Business leader to U of M grads: What matters most is how you treat people
Winnipeg business leader Bob Silver has been highly successful in the clothing industry, manufacturing brands such as Silver Jeans and co-owning retail chains like Bootlegger and Ricki’s.
But back in the 1970s, when he was first asked to take the helm of his family’s garment company, he was reluctant. As he told the Medicine Class of 2019 in his Convocation address, he believed there was limited good he could accomplish in the apparel business.
“None of my jeans ever saved a life,” Silver said after receiving an honorary doctorate at Convocation on May 23 on the Bannatyne campus. “They might’ve made you feel better. They might’ve made your bum look better … but they didn’t save a life.”
However, Silver recalled, as he grew into his leadership role and learned from others, he came to realize that what matters most is not what you do, but the manner in which you do it.
“How I treated my employees, how I treated my customers, how I treated my associates, how I treated members of my community, was more important than what I actually did,” Silver said, urging the graduating doctors to be humble, honest, inclusive, and to treat everyone as they would like to be treated.
Silver, a U of M alumnus in science, has been influential as a community builder and philanthropist. He has led initiatives such as the United Way campaign, provided expertise to many boards and contributed to post-secondary education, chairing, for example, the Southwood Lands expansion of the U of M Fort Garry campus.
“Give back, not just through your profession, but through your lives; through the twinkle in your eye,” he told the graduates. “I encourage you to do it right here in this wonderful community of Winnipeg and Manitoba.”
Spring Convocation for four colleges of the Rady Faculty of Health Sciences took place on the morning and afternoon of May 23 on the Bannatyne campus, and on June 7 on the Fort Garry campus. The graduating health professionals included 109 in medicine, 33 in dentistry, 29 in dental hygiene, 47 in pharmacy and 115 in nursing.
Medical graduate Christopher Briggs, a member of the LGBTTQ* community, has been a national advocate for the inclusion of LGBTTQ* health curricula at medical schools. His student leadership roles included serving as senior stick of the Manitoba Medical Students’ Association.
The new MD said he was struck during the ceremony by his class’s diversity. “The dignitaries on stage were much less diverse than our class. The future of medicine is more reflective of our community,” said Briggs, who is headed to Toronto for a residency in public health and preventative medicine.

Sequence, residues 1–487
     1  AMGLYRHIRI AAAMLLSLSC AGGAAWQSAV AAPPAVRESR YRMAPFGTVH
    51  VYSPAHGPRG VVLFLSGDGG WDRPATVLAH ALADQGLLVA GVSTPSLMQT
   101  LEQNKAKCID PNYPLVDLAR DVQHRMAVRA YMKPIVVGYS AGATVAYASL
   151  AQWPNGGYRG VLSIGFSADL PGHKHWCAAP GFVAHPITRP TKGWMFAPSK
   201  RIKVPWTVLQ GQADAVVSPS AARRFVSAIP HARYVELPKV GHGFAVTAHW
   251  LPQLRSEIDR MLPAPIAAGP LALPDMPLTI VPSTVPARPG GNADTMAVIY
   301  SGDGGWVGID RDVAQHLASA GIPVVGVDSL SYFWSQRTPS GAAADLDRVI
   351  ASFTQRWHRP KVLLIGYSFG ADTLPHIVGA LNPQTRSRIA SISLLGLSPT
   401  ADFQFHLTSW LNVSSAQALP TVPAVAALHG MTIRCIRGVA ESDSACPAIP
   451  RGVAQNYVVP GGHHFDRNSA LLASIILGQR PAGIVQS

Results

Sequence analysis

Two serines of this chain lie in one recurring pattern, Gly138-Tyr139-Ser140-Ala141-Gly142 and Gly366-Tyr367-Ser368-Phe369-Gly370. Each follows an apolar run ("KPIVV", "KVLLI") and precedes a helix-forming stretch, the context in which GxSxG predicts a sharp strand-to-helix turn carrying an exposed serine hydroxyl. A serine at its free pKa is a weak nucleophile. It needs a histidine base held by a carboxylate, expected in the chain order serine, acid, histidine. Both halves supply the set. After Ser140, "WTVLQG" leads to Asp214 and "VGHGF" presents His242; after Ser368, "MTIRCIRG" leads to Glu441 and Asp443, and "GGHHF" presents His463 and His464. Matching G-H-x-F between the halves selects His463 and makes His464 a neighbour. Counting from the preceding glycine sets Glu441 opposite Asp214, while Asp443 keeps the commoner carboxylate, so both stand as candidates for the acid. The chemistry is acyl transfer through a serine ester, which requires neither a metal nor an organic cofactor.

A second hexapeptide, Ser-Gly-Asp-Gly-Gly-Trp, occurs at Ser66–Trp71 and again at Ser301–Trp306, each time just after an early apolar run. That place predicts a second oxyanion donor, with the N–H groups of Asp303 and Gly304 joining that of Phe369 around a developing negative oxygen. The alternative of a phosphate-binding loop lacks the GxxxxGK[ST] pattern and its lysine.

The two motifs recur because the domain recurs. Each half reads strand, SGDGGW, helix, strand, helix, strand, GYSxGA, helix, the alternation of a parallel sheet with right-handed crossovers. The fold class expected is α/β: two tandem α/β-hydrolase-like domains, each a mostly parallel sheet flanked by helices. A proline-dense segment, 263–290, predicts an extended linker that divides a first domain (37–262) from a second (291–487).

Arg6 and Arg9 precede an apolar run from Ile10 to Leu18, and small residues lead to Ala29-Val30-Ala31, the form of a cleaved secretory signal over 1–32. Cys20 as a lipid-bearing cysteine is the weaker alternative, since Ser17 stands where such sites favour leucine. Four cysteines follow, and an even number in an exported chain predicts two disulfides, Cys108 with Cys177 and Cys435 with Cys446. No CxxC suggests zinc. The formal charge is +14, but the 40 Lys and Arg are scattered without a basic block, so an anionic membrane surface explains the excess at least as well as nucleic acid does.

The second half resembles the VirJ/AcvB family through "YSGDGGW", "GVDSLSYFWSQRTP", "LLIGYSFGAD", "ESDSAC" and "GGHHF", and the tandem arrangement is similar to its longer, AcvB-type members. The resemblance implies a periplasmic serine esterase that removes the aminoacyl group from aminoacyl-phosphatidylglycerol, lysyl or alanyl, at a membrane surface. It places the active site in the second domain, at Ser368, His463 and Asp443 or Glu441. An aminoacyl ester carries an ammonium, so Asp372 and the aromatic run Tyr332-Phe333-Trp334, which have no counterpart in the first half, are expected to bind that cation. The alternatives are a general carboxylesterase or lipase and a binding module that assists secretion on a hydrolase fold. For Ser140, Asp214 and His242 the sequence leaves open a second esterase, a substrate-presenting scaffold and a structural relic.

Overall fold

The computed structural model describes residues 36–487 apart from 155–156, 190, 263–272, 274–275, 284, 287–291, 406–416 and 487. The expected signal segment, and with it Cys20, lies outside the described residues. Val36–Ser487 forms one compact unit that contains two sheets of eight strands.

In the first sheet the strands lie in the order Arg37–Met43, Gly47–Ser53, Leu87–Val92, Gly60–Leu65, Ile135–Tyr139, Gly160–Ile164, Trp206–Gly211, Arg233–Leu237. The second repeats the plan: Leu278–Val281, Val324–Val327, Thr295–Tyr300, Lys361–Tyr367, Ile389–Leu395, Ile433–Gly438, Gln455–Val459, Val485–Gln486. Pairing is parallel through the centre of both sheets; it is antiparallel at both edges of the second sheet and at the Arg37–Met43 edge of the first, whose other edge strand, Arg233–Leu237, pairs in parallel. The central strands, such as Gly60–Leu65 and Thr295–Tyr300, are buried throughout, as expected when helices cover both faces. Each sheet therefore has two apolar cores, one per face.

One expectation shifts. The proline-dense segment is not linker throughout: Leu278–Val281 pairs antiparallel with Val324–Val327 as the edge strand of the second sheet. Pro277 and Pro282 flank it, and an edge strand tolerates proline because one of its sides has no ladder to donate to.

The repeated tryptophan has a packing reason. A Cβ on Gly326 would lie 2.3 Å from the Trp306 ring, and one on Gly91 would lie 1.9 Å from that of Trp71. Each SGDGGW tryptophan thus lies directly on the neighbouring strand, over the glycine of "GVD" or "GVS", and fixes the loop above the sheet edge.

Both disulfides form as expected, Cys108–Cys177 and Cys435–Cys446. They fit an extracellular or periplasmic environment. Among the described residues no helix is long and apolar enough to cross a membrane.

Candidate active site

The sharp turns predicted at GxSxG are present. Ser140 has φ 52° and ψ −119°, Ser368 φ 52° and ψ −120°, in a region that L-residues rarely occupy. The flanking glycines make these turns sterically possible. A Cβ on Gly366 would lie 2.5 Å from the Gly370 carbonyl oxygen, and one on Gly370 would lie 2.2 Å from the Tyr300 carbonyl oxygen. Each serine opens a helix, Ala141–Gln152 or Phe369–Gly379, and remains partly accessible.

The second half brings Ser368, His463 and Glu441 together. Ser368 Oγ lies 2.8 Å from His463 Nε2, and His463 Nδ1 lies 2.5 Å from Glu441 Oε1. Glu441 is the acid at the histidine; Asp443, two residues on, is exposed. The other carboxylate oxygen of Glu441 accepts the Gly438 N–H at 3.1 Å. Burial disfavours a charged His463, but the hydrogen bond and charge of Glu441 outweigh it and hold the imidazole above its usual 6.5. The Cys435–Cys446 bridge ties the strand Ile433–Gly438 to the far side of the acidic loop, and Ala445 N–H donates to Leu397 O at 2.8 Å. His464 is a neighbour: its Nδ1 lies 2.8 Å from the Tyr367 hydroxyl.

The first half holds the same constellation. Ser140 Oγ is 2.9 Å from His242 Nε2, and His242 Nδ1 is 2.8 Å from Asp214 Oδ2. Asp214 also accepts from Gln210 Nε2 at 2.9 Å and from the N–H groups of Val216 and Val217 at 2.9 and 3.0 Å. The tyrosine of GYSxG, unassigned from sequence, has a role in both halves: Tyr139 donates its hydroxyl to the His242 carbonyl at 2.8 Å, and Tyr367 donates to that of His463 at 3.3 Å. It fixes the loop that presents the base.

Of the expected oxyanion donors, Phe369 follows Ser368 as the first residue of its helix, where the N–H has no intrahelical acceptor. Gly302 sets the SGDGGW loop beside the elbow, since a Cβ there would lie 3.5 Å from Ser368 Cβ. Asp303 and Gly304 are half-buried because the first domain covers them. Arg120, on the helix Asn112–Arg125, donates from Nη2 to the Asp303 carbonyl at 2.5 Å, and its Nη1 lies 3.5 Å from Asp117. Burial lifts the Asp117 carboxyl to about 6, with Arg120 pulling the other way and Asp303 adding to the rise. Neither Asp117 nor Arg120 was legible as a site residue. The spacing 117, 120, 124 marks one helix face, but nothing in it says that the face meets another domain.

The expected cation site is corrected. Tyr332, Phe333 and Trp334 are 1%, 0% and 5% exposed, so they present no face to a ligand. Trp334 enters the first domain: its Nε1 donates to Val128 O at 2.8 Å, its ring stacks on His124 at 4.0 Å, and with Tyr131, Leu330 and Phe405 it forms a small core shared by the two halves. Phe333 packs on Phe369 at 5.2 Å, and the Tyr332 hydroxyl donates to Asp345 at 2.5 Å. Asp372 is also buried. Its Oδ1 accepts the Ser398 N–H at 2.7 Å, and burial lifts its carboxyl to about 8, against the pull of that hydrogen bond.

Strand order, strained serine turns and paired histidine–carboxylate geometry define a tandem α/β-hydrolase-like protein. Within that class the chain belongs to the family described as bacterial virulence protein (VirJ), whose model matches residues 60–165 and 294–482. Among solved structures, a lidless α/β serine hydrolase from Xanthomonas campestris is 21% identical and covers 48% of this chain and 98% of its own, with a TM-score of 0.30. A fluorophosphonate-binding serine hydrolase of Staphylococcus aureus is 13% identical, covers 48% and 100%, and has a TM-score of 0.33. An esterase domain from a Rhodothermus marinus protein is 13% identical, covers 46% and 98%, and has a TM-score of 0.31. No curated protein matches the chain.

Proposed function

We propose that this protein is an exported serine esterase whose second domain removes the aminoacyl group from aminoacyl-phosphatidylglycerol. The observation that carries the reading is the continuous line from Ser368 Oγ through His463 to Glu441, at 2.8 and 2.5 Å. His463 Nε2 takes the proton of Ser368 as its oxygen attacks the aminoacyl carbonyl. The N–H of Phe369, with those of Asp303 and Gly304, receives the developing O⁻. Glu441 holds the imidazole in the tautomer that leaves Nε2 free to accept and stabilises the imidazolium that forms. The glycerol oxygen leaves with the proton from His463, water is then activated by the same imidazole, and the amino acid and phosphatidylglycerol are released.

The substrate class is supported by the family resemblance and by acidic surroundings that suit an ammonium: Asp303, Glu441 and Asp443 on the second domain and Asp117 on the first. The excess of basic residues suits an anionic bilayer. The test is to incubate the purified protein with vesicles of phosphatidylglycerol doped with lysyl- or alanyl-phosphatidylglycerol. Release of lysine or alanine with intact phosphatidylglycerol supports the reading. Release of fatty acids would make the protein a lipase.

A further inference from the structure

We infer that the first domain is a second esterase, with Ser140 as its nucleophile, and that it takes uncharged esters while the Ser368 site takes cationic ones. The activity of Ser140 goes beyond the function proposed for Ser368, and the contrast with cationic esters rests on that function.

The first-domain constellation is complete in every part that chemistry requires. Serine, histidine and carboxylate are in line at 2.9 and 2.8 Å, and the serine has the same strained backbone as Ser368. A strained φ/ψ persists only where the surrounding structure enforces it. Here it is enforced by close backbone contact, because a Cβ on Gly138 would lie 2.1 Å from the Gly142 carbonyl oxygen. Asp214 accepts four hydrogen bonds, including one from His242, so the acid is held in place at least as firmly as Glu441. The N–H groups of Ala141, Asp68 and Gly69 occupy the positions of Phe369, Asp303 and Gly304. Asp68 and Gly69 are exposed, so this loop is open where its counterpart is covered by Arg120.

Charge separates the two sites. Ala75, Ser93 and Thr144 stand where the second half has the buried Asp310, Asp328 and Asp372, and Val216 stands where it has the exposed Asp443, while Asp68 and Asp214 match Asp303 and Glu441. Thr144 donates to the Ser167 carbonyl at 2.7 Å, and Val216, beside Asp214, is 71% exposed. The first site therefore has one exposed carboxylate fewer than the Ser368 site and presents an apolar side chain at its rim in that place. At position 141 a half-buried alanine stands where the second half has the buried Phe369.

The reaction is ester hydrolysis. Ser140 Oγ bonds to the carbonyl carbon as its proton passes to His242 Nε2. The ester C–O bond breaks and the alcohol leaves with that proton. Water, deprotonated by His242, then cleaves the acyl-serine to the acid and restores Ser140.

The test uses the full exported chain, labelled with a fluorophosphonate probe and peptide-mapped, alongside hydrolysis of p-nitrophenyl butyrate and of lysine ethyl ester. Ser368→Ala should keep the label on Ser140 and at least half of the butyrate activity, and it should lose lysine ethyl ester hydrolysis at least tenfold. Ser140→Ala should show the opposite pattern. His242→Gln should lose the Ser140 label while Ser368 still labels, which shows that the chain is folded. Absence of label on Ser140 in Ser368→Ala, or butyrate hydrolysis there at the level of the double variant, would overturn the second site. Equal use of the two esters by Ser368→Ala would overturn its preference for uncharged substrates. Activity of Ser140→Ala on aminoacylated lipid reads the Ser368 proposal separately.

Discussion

Pharmacy graduate Kelly Yeo from Stonewall, Man., was the silver medalist in her program and has been hired as a full-time pharmacist in her hometown. She said it’s important to her to get to know patients personally.
Yeo has been working at Stonewall Pharmacy as an assistant since before she was accepted into the program. “The people around town have watched me progress,” she said after receiving her degree. “I remember in my very first week as an assistant, I would go home at night and Google what the drugs meant. To go from that to this is really surreal.”
Dentistry graduate Nader Shaker was born in Egypt and immigrated to Canada at age 17. He was recognized with the award for the dental student who showed “the most outstanding qualities of leadership and character.”
Shaker said his most memorable moment of dental school was providing dentures to a patient who was moved to tears and said she had gotten her life back. “I was able to change someone’s life with the set of skills that I learned here,” said Shaker, who is moving to London, Ont. for a residency in hospital dentistry.
Nursing graduate Lauressa Garson from Tataskweyak Cree Nation sees providing care in the North as a vital part of her career. She was honoured this year with a U of M Indigenous Award of Excellence for her work promoting a positive, respectful learning environment.
Garson was a research assistant for a project focused on mental health promotion and suicide prevention in northern Manitoba. She also completed a practicum in the Thompson hospital’s mental health unit.
“Going through Nursing, it has solidified my passion for mental health,” Garson said. “The practicum placements that I’ve chosen in northern Manitoba, and also previous clinical rotations, really made me realize how mental health is just as important as the physical.”